As with part one of this two-part blog post, below is a list of festivals I have some knowledge about and can personally recommend, mostly because my work has been shown there, or I've attended as a member of the audience. I'm sure there are lots of other great genre-based festivals out there, so if I've missed one off the list that you think is worth shouting about, please let everyone know via the comments box at the bottom of the page.


[Above: Live music accompanying a screening at Another Hole in the Head Film Festival. Photographer unknown.]

Another Hole in the Head Film Festival

San Francisco, USA

This festival was recommended to me by Katie Bignall from Festival Formula, way back when she created the festival strategy for my film Songbird. We sadly weren't accepted, but I still wanted to recommend this festival to you all, not only because of its cool and quirky branding, but because it was rated among the world's 50 Best Genre Festivals by MovieMaker Magazine in 2021, and it's also one of the top 100 best reviewed festivals on Film Freeway.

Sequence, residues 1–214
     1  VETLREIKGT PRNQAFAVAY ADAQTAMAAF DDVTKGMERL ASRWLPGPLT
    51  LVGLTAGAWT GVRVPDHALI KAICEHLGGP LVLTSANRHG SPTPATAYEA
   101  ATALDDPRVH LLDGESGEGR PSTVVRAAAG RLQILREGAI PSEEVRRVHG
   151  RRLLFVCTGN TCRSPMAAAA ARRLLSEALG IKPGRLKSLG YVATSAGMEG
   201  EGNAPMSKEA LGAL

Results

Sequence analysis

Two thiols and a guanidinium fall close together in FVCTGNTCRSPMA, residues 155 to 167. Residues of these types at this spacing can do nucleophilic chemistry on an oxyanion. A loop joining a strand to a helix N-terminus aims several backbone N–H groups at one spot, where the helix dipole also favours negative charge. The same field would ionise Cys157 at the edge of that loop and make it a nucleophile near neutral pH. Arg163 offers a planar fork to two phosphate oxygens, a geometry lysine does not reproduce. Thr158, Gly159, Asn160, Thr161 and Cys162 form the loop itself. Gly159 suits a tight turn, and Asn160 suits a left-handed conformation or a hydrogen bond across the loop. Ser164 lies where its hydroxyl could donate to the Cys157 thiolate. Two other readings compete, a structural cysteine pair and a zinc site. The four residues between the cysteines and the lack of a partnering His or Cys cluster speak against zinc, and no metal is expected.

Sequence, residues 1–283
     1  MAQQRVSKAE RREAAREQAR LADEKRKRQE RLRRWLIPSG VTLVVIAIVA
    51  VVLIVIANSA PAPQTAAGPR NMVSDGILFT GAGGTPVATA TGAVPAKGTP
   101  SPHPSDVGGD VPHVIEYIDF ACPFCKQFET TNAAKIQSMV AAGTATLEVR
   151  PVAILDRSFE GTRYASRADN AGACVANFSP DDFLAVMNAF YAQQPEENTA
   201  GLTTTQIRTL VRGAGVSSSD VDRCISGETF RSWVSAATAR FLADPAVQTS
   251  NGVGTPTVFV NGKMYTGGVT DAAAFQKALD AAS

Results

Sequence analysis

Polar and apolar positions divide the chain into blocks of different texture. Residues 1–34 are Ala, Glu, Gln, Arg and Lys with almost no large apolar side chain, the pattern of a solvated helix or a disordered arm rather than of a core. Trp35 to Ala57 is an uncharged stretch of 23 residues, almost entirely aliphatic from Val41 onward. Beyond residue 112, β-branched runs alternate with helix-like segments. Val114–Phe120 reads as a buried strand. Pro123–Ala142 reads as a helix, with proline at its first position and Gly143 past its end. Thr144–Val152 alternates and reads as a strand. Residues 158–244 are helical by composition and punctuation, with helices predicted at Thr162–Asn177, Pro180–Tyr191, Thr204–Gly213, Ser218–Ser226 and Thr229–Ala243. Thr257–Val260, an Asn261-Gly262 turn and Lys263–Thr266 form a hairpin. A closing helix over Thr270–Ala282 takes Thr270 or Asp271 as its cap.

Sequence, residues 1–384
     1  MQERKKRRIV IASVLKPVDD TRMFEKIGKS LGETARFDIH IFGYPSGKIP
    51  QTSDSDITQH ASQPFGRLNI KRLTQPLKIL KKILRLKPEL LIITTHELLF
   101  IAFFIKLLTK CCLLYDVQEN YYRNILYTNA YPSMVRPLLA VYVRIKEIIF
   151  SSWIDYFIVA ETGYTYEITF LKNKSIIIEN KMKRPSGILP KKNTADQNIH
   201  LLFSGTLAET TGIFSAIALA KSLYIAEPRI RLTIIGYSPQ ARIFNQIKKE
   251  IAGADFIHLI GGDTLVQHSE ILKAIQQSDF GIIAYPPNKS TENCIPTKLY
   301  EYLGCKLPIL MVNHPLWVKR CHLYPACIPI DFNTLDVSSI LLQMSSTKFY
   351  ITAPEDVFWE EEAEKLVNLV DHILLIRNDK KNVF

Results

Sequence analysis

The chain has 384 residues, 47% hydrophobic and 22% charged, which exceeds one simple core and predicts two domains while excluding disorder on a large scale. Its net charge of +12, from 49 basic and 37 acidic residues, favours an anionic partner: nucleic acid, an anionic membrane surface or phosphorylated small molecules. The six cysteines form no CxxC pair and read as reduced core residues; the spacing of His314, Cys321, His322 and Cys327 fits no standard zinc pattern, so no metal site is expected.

Buffalo Dreams Fantastic Film Festival

Buffalo, New York, USA

Another recommendation from Katie Bignall, Buffalo Dreams was one of the first festivals to screen Songbird, and I was very impressed by their communication. The festival takes place in a wonderfully retro cinema called the Dipson Amherst Theatre, and they have a range of awards available.

Comic-Con International Independent Film Festival

San Diego, USA

Everyone's heard of San Diego Comic-Con, but not everyone knows that they host a film festival - and what better place to screen geeky or genre-based work? If you're lucky enough to screen there, it also gives you a fantastic excuse to attend the biggest Comic-Con in the world. This festival was recommended to me by my frequent collaborator, the screenwriter Tommy Draper, whose short film Pro Kopf won Best Thriller/Suspense when it screened there in 2013.